Monday, July 5, 2010

No Rest for the Weary

Sleep is remaining elusive for us.  Our supervising psychologist has us writing a sleep log.  We removed Alanna's toddler bed and replaced it with a form mat on the floor.  Last night she was up at 4:30am and did not return to sleep.  The night before, she was up from 2:30am to 5:00am, bouncing and screaming on her bed, and ditto the night before.

Tyler's room is beside hers.  I don't know how he sleeps through it.  I do know, however, that everyone, including Alanna, is in a fantastic mood when she sleeps through the night.  Tyler is happier and so are we.  Alanna is taking 9mg of melatonin at night (two doses, one given only if she wakes), plus she is on the swing to put her down at night.  The next most unhappy step will be to visit the doctor and put her on a sedative, but I really, really, really want to avoid that.  The girl is two years old and I don't want to drug her unless we get desperate.

We will be trying to adjust her sleep routine with music and calming lights on her walls; I am hoping this helps.  For those parents with kids with autism or intellectual disability, I know this is a common problem.  I have read countless pleas for help on-line and some kids just do not sleep.  So here's a plea... help.

1 comment:

    "The Fabric of Autism," by Judith Bluestone

    I wrote this two years ago after a workshop:

    Individuals with asd often have little to no sense of proprioception, no sense of where they are in space, and they compensate for that lack of proprioception by using their vision to tell them where they are in space. One evidence of this idea is that sometimes our asd children
    have trouble falling asleep and staying asleep, because when they close their eyes, they're shutting off their most relied upon sense as a
    substitute for a lack of proprioception. In other words, when they shut their eyes, they lose the sense of where they are. The issue is a problem with integration. Muscle tone, vestibular, sight, taste, touch,tactile, proprioception, hearing etc are all interrelated in development and when development is lopsided, we see all sorts of challenges and compensations in the children. Sleep issues can be a problem if underwired or miswired sensory neurology.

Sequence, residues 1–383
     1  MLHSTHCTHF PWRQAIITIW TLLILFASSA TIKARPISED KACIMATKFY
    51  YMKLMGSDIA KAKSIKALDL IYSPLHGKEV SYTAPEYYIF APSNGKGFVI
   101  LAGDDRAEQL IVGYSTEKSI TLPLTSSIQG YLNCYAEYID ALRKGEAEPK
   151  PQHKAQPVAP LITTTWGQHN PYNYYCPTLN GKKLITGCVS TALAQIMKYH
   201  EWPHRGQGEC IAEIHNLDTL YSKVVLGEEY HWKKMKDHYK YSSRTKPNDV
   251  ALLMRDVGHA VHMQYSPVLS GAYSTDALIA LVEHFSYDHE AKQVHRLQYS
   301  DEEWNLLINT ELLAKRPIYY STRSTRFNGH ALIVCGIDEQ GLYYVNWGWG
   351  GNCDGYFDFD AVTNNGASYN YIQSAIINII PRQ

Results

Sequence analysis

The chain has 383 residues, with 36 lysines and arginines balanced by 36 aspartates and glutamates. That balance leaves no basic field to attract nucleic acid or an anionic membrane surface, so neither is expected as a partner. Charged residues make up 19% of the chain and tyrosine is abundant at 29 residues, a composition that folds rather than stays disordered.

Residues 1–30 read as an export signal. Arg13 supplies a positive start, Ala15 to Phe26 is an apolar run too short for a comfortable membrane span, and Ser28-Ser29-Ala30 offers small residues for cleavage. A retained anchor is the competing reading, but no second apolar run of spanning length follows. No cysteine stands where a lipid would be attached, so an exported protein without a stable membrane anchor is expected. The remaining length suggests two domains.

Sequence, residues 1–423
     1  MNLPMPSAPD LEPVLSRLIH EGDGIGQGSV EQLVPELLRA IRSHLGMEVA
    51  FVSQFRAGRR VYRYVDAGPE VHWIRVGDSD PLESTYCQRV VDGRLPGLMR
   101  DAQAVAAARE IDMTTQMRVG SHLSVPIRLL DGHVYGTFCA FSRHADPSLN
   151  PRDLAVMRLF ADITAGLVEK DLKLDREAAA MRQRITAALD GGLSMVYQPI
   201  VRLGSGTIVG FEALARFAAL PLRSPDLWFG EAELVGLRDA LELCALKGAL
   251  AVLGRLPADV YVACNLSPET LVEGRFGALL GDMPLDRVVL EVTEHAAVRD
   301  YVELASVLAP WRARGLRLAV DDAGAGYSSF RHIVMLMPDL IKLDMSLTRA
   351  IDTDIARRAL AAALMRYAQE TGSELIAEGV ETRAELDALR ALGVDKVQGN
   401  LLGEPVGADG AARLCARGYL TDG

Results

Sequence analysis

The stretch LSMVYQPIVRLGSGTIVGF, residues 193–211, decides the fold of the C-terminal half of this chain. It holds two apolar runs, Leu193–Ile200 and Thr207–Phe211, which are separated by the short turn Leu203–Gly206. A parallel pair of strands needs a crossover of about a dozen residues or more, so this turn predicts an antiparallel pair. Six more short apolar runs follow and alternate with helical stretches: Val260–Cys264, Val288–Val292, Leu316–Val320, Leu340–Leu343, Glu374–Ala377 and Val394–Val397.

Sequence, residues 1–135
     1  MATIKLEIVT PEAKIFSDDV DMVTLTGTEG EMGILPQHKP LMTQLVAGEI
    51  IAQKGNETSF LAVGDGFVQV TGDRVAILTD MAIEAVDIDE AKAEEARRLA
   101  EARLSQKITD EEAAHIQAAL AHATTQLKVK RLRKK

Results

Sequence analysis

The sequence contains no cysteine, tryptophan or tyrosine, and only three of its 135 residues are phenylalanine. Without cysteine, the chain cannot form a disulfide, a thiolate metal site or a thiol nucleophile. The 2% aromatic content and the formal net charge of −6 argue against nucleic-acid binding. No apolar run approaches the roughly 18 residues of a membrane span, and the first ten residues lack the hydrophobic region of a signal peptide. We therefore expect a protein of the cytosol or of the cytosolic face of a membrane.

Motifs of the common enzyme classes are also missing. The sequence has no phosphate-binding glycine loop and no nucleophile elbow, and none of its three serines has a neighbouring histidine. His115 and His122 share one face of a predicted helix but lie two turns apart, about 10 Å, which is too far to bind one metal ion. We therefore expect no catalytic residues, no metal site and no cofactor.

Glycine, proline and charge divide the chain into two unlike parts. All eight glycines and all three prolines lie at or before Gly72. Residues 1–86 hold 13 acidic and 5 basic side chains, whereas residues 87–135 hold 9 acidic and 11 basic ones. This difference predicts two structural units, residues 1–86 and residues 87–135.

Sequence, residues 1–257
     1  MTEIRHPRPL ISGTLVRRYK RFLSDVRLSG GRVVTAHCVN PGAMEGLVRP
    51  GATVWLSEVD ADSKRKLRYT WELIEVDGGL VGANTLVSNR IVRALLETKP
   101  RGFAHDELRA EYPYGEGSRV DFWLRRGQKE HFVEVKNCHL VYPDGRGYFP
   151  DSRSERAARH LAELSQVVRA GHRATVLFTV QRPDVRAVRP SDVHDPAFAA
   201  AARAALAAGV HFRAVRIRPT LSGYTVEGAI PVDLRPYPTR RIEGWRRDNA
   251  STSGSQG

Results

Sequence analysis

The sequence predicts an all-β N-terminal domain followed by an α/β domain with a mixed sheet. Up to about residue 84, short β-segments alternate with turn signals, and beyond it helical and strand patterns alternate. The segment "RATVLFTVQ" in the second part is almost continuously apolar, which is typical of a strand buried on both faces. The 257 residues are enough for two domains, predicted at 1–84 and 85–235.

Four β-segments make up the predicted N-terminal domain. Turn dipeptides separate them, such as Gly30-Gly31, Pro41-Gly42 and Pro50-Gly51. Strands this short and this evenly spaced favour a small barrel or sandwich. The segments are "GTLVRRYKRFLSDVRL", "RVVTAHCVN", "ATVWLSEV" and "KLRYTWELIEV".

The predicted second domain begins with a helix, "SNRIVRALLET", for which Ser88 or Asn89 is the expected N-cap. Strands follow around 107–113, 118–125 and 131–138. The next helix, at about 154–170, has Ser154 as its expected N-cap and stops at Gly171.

These children often sleep FINE as long as hey're NEXT TO someone -- because they use the other person as a reference point to tell them
    where they are in space when they shut their eyes. Our HANDLE presenter suggested using another sense at bedtime. One idea was lavendar in a vaporizer (I have not tried that, use at your own risk).

    A body pillow may be helpful for sleep if the child is able to reference where they are by being next to the pillow. The child must be old enough to have a pillow - ask your doctor (I am not one and this is not medical advice).

    The HANDLE program is a sensory integration approach which addresses the lopsidedness (lack of integration) of those sensory issues. A HANDLE
    assessment would give you clues into whether an integration problem is contributing to behaviors like hyperactivity, sound sensitivity, meltdowns (really FLARE UPs), sleep problems, you name it, it might be a puzzle piece of underdeveloped integration. So, the HANDLE program teaches parents to utilize a series of activities designed at neurological integration. Parents also learn to observe "state changes", physiological changes observable from the outside, that let parents know that the child is experiencing the early signs of a "flare up", and
    HANDLE incorporates "Gentle Enhancement," gently strengthening systems that are not under stress. (HANDLE says a stressed system cannot be

    I have to admit I am looking at my children from a very new perspective since the training--and I really like the term "flare up" instead of
    "meltdown" or "tantrum". An inability to fall asleep or stay asleep could be a sensory "flare up", and if supplements like melatonin aren't
    working, a program like HANDLE might be something to consider.

    this post is for your research only.

    Penny - who is just a mom -- this is not professional advice.